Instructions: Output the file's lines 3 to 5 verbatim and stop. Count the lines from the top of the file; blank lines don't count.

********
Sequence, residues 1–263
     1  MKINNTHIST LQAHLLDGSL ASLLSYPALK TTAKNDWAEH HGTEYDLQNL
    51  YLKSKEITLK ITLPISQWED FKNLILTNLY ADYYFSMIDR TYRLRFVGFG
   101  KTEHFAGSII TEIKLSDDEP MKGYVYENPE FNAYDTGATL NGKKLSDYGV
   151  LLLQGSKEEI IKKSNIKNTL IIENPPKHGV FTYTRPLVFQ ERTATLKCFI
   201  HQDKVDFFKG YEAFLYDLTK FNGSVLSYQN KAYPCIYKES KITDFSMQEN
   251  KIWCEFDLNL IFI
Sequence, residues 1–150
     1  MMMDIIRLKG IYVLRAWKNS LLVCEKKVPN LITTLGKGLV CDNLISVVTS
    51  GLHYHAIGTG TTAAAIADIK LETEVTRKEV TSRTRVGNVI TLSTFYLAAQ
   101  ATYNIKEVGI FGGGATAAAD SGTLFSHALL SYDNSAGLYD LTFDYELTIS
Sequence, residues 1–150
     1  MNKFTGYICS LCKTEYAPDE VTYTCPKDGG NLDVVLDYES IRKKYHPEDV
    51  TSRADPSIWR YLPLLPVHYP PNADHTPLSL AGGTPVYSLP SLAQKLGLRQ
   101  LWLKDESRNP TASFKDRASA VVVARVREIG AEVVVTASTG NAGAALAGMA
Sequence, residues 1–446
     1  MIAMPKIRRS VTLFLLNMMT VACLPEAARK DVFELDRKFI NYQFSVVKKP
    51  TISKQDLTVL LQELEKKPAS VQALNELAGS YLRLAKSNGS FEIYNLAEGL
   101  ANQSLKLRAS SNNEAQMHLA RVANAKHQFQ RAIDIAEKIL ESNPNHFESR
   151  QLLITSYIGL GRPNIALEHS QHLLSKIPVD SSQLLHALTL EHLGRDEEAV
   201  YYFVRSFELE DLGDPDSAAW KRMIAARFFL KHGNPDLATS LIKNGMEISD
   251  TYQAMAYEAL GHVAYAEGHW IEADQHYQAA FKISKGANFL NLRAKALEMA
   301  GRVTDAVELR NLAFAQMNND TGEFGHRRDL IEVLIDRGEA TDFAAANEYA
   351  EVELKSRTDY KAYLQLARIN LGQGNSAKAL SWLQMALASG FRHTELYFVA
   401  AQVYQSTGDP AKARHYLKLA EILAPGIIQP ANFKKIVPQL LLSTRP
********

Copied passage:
    51  YLKSKEITLK ITLPISQWED FKNLILTNLY ADYYFSMIDR TYRLRFVGFG
   101  KTEHFAGSII TEIKLSDDEP MKGYVYENPE FNAYDTGATL NGKKLSDYGV
   151  LLLQGSKEEI IKKSNIKNTL IIENPPKHGV FTYTRPLVFQ ERTATLKCFI